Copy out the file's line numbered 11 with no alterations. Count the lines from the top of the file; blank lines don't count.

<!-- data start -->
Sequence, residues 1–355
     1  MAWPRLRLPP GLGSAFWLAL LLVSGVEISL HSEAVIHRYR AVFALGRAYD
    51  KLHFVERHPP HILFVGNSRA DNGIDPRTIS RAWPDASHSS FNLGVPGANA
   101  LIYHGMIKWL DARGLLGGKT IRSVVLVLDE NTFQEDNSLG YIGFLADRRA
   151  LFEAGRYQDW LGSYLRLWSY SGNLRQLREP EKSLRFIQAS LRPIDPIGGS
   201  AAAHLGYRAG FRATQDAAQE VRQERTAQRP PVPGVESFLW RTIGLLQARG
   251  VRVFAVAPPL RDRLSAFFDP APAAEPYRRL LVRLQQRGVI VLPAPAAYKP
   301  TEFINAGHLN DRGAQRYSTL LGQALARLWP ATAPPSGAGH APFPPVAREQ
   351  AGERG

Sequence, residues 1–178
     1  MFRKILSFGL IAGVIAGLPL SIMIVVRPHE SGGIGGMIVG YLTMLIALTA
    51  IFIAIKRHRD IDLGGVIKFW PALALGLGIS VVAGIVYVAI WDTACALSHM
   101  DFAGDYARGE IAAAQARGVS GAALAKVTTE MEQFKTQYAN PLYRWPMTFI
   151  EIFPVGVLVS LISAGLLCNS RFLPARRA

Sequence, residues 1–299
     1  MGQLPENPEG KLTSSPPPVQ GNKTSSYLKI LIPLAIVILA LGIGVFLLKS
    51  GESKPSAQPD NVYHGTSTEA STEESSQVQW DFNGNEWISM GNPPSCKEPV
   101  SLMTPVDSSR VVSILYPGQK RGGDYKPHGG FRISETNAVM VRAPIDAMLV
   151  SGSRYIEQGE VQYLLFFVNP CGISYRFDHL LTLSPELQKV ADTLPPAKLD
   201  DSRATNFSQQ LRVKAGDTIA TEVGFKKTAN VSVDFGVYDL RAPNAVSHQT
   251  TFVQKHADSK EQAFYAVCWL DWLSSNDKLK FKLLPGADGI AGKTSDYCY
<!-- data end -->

     1  MFRKILSFGL IAGVIAGLPL SIMIVVRPHE SGGIGGMIVG YLTMLIALTA